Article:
Introduction
1. How to Run Prolog
2. Sample Programs -- Descriptions
2.1 Map colorings
2.2 Two factorial definitions
2.3 Towers of Hanoi puzzle
2.5 Negation as failure
2.6 Tree data and relations
2.7 Prolog lists and sequences
2.8 Change for a dollar
2.9 Map coloring redux
2.10 Simple I/O
2.11 Chess queens challenge puzzle
2.12 Finding all answers
2.13 Truth table maker
2.14 DFA parser
2.15 Graph structures and paths
2.16 Search
2.17 Animal identification game
2.18 Clauses as data
2.19 Actions and plans

3. How Prolog Works
3.1 Prolog derivation trees, choices and unification
3.2 Cut
3.3 Meta-interpreters in Prolog

4. Built-in Goals
4.1 Utility goals
4.2 Universals (true and fail)
4.4 Arithmetic goals
4.5 Testing types
4.6 Equality of Prolog terms, unification
4.7 Control
4.8 Testing for variables
4.9 Assert and retract
4.10 Binding a variable to a numerical value
4.11 Procedural negation, negation as failure
4.12 Input/output
4.13 Prolog terms and clauses as data
4.14 Prolog operators

5. Search in Prolog
5.1 The A* algorithm in Prolog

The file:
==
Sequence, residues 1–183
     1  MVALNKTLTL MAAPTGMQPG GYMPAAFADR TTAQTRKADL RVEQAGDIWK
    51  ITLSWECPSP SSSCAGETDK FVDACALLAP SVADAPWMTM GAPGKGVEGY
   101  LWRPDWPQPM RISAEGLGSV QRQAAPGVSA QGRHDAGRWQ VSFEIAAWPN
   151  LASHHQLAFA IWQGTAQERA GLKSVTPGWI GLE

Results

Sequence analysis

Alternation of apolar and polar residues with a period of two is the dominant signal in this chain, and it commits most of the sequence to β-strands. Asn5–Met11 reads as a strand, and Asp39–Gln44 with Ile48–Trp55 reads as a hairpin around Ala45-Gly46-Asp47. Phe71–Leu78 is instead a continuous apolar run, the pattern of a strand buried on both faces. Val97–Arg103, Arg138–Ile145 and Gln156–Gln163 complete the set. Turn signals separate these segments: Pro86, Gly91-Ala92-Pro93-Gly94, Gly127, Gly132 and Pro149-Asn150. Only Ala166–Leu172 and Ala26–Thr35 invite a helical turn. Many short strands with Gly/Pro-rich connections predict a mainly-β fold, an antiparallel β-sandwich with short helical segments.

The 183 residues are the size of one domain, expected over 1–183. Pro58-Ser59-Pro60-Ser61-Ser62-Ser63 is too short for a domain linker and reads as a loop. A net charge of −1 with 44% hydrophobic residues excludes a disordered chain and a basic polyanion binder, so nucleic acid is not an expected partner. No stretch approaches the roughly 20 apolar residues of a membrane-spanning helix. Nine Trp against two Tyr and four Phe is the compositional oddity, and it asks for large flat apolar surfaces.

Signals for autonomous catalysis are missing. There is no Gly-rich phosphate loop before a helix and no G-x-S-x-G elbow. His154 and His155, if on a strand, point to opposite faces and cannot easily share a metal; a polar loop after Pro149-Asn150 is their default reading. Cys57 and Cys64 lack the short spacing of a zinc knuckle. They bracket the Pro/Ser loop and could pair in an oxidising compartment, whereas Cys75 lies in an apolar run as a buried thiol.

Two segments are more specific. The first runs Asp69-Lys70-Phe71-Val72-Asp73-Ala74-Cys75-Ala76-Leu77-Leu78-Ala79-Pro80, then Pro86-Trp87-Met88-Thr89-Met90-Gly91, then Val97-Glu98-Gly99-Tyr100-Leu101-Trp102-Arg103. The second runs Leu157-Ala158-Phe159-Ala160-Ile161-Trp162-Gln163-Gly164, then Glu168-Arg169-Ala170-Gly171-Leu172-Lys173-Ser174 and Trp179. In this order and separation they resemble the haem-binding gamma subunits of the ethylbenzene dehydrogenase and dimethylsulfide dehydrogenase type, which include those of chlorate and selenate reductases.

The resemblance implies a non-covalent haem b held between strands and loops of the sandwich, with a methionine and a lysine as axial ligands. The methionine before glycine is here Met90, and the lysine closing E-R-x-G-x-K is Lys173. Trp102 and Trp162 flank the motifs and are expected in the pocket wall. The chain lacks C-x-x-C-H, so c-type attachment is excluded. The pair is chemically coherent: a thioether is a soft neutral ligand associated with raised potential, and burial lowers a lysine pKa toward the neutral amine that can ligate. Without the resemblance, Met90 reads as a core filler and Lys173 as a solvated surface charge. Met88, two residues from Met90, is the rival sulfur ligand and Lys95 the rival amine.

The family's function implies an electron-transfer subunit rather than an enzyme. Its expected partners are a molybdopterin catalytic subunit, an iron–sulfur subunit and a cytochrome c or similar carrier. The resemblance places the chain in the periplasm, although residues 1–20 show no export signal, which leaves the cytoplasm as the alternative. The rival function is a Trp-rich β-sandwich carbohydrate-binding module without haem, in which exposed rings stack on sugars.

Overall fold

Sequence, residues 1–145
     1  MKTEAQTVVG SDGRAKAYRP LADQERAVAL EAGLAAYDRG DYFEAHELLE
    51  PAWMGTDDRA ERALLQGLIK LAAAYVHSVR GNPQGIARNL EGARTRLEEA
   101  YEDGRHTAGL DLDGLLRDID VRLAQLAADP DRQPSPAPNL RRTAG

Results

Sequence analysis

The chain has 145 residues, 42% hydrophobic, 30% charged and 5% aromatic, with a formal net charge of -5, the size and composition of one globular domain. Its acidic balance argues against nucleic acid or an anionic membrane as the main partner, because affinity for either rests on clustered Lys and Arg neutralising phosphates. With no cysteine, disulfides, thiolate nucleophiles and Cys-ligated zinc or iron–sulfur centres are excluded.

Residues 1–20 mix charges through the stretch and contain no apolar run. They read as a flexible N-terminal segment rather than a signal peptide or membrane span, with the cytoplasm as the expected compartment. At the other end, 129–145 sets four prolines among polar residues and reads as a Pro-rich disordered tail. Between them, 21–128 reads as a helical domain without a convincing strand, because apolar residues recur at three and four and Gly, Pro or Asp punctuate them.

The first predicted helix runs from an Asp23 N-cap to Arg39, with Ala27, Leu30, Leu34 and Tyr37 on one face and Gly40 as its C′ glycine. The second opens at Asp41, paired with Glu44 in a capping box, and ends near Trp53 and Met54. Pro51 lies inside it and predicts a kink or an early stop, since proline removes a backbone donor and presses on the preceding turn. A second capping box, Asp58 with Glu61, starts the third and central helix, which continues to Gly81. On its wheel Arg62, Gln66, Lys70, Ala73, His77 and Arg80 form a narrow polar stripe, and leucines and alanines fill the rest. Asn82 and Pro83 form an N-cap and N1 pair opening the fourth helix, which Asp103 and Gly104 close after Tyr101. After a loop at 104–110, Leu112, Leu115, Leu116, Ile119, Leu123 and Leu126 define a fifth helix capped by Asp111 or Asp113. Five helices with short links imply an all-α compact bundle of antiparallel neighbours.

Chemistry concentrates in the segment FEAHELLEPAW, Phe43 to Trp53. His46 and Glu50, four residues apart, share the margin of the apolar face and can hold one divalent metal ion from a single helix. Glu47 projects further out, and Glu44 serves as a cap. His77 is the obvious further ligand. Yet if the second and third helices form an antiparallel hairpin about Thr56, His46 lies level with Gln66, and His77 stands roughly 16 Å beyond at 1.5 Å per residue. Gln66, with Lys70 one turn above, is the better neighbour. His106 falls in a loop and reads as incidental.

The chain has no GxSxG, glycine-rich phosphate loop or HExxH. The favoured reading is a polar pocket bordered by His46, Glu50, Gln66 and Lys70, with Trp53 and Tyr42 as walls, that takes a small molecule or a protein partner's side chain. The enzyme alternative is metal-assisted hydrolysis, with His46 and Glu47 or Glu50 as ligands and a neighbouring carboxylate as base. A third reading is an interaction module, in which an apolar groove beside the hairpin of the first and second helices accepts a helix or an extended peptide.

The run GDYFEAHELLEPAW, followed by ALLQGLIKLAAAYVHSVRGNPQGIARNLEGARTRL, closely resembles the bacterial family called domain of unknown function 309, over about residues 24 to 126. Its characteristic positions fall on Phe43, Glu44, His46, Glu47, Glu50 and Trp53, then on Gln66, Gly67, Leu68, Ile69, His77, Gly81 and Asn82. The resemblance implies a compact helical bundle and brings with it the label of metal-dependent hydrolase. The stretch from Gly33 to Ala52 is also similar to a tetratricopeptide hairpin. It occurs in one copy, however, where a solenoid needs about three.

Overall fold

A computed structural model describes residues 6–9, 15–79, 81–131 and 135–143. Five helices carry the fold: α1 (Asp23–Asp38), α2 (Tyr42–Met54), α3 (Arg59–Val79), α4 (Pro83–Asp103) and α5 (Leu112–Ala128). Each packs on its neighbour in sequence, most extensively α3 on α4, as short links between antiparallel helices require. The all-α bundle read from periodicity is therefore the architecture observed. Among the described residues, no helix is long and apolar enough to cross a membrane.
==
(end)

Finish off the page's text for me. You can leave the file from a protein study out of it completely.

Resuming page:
5.2 The 8-puzzle
5.3 αβ search in Prolog ...

6. Logic Topics
6.1 Chapter 6 notes
6.2 Positive logic
6.3 Convert first-order logic to normal form
6.4 A normal rulebase goal interpreter
6.5 Evidentiary soundness and completeness
6.6 Rule tree visualization using Java

7. Introduction to Natural Language Processing
7.1 Prolog grammar parser generator
7.2 Prolog grammar for simple English phrase structures
7.3 Idiomatic natural language command and question interfaces

8. Prototyping with Prolog
8.1 Action specification for a simple calculator
8.2 Animating the 8-puzzle (§5.2) using character graphics
8.3 Animating the blocks mover (§2.19) using character graphics
8.4 Java Tic-Tac-Toe GUI plays against Prolog opponent (§5.3)
8.5 Structure diagrams and Prolog

9. Links to MORE Prolog ...
Make-a-choice Prolog Exam

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